Fire It Up: Marijuana Removed From The UN’s List of Harmful Drugs

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Without marijuana, there would be no heavy metal. If not for how stoned the members of Black Sabbath were, metal’s thick, chocolatey riff style might never have been invented and perfected by Tony Iommi. Of course, like heavy metal, weed has always been demonized by those who don’t understand it due to a mixture of confusion, misinformation, and straight-up racism. But now, stoners around the world can rejoice, as the UN has removed marijuana from its list of harmful drugs.

As reported by Loudwire, the World Health Organization put forth a motion to remove marijuana from the United Nations’ list of Schedule IV drugs. Up until now, the Devil’s lettuce was categorized by the UN’s Commission on Narcotic Drugs as a Schedule IV drug alongside more dangerous drugs like heroin and cocaine. The WHO’s motion was voted on, and won 27 to 25, with the United States among the countries who voted to remove weed from the list.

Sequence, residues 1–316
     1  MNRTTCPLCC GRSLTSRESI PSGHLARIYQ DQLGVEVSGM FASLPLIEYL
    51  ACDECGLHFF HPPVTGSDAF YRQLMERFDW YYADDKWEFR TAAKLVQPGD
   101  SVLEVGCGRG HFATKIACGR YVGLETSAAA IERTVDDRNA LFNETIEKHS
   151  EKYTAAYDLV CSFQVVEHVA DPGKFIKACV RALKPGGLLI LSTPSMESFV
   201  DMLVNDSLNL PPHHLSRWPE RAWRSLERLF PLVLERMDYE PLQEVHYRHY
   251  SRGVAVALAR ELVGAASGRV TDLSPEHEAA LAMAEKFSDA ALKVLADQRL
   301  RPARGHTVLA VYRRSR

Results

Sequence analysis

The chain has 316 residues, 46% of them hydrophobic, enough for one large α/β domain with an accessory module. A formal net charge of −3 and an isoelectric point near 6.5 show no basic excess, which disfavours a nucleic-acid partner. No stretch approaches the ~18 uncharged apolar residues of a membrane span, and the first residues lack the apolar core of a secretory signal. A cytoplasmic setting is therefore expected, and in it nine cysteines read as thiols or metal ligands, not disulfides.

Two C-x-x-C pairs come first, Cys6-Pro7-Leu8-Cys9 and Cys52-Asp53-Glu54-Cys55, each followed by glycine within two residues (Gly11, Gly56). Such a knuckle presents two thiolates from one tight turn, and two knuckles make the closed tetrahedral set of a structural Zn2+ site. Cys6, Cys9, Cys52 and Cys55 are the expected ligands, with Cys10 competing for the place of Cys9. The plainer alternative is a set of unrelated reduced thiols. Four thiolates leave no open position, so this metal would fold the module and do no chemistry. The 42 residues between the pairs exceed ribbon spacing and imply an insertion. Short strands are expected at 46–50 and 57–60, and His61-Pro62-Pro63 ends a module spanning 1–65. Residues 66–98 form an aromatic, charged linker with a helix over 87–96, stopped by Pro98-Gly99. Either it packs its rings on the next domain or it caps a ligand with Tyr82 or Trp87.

While this is a huge win for marijuana and its advocates, this doesn’t mean we can all rip the bong in public quite yet. The United States Drug Enforcement Administration still lists cannabis as a Schedule 1 drug, which means it  has “no currently accepted medical use and a high potential for abuse.” Other drugs in the same class are heroin, acid, ecstasy, and peyote. Meanwhile, cocaine, Vicodin, and OxyContin are all Schedule II drugs, meaning they have a high risk of abuse but have some medical applications. So when your family member going through chemotherapy wonders why they can’t smoke a little herb to ease their pain and bring back their appetite, it’s because the US government doesn’t see how marijuana could be medically helpful (and, you know, because Richard Nixon hated hippies and black people).

Point being: kudos to the UN for finally coming to their senses about weed. Hopefully, we’ll see Matt Pike on the floor of the United Nations soon enough.



Words by Chris Krovatin